King Edward’s School and the Great War

Memorial Roll of Honour 1914 - 1918


Mason, Philip Granville

Major ▪ 3rd Dragoons

Philip Granville Mason, born in 1872, was admitted to King Edward’s School in January 1885. While he was at School, Philip lived with his widowed father, Edwin, a solicitor, and his five siblings, in Yardley. The Masons were an old Yardley family and his father’s legal practice was an established firm later continued by Philip’s brother, Edgar.

At School, Philip was a cricketer, “medium of pace with great accuracy of pitch and control over the ball, making a first class school bowler”, taking 9 wickets in one match against Trinity College, Cambridge in 1890, but was less successful as a fielder. He also played rugby for the 1st XV, but, according to the 1887 Chronicle, “was too fitful and indifferent a player to be an acquisition to any team.”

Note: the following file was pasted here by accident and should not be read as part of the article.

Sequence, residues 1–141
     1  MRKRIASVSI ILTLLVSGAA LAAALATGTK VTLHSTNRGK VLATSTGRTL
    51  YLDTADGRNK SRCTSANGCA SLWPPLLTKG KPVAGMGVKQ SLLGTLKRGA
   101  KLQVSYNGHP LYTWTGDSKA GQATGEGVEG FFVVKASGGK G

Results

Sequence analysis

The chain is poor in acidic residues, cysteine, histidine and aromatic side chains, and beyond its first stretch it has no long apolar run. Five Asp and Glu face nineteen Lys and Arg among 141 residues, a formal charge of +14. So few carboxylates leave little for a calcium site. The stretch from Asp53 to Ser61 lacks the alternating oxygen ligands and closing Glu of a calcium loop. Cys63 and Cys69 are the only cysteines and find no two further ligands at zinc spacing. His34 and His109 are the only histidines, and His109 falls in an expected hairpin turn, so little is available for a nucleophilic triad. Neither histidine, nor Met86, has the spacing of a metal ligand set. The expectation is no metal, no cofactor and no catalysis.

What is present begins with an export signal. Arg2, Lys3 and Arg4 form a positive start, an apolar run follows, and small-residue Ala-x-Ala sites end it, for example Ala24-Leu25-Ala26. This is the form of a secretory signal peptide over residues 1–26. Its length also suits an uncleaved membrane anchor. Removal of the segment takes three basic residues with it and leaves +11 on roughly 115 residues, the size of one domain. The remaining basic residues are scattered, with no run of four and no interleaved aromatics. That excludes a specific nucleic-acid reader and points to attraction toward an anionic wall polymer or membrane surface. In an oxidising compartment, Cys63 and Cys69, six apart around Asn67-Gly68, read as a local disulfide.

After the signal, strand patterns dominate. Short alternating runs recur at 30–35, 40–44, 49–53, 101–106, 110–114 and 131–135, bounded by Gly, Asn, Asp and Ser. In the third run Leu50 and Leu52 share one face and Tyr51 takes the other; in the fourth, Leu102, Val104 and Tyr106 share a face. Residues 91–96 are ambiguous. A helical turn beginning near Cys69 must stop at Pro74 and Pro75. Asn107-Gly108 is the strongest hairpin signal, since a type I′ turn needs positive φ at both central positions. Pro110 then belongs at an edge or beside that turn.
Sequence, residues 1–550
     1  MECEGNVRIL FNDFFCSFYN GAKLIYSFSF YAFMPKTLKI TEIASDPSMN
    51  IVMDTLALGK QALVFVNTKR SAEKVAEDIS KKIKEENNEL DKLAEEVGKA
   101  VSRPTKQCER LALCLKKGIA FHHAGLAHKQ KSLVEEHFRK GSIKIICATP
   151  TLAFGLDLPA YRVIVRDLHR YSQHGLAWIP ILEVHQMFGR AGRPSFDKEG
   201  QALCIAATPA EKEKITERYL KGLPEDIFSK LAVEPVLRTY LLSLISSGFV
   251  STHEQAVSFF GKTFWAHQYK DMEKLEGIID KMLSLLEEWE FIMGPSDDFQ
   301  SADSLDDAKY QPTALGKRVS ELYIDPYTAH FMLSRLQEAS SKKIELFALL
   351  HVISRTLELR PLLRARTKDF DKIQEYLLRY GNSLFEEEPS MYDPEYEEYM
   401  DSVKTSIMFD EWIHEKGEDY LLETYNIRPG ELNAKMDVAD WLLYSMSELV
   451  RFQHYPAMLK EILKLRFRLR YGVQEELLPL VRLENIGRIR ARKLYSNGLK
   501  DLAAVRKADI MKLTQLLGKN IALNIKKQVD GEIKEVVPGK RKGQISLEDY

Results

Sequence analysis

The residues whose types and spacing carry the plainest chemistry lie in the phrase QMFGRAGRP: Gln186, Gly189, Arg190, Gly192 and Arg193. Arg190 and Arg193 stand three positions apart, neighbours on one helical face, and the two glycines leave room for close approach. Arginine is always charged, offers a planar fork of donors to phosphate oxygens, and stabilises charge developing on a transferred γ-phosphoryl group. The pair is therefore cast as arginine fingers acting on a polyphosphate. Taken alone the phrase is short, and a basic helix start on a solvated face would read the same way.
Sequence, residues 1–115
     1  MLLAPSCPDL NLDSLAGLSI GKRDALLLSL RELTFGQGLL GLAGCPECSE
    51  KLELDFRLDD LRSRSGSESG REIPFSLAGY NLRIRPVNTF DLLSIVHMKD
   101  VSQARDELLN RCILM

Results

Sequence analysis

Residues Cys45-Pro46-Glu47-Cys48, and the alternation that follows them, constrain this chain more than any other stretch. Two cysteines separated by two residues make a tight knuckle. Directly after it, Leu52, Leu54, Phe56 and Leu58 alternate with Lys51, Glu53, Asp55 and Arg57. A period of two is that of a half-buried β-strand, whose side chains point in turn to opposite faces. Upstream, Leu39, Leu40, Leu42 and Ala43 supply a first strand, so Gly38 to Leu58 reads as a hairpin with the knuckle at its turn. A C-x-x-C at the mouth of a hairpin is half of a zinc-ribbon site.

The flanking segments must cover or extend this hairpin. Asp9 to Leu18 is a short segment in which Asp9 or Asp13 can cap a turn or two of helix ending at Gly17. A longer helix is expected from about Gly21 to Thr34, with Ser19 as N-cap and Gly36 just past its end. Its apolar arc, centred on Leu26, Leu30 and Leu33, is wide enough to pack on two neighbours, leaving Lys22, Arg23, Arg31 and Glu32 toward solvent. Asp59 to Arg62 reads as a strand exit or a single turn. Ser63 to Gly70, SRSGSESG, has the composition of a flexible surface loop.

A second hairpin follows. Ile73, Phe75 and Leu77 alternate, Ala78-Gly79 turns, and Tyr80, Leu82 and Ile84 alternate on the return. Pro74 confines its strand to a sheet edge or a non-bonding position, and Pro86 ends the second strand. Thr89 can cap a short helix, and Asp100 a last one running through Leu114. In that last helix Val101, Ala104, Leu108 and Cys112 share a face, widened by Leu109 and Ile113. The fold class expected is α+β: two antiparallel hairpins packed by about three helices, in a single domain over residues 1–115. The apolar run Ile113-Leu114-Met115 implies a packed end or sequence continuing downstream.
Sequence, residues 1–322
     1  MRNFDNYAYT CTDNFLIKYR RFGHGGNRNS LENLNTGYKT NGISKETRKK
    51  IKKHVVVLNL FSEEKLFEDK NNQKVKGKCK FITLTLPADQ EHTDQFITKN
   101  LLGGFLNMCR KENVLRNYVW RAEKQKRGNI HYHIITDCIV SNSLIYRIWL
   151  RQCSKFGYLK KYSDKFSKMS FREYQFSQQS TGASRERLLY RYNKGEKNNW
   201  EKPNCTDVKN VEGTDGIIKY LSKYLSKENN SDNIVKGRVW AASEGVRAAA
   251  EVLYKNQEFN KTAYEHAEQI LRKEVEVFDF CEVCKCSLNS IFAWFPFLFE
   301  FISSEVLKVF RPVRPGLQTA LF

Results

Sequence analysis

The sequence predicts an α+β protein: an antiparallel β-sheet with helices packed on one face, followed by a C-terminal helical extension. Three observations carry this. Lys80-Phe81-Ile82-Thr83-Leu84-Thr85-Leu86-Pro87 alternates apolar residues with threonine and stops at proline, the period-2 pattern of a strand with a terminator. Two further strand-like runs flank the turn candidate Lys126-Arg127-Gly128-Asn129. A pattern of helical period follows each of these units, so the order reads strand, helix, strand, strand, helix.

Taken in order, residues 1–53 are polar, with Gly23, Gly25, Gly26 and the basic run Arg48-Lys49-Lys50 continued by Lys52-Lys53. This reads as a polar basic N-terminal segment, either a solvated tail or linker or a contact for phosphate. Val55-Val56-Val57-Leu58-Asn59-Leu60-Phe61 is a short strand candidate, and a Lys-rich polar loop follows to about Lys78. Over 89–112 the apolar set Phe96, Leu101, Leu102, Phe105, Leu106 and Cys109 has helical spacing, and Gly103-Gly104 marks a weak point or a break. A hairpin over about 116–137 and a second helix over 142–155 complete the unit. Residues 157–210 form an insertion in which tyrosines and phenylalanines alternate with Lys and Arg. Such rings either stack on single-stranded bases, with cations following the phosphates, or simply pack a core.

Philip was a career soldier, first joining the South Staffordshire Militia and later gaining a commission in the 7th Dragoons. He served in the Boer War, performing work “scouring the country for marauding commandos”, rising to the rank of Captain with the 20th Hussars. For his service in South Africa, in 1902, he was awarded the Queen’s South Africa Medal with four clasps. By the time war broke out with Germany, Philip had been promoted to Major, and was welcomed by the 3rd Dragoons as a popular officer. During his service in France and Flanders, he distinguished himself again, winning the Legion of Honour in February 1915 and the Distinguished Service Order soon afterwards, for his “brilliant defence against overwhelming odds” at Hooge Fort, for which he was also mentioned in dispatches. Philip was killed by a shell on 26th September 1915, aged forty-three, while defending a captured German trench near Loos. He is buried in Vermelles British Cemetery, France. His widow, who was living at Eastbourne at the time, applied for his medals after the war.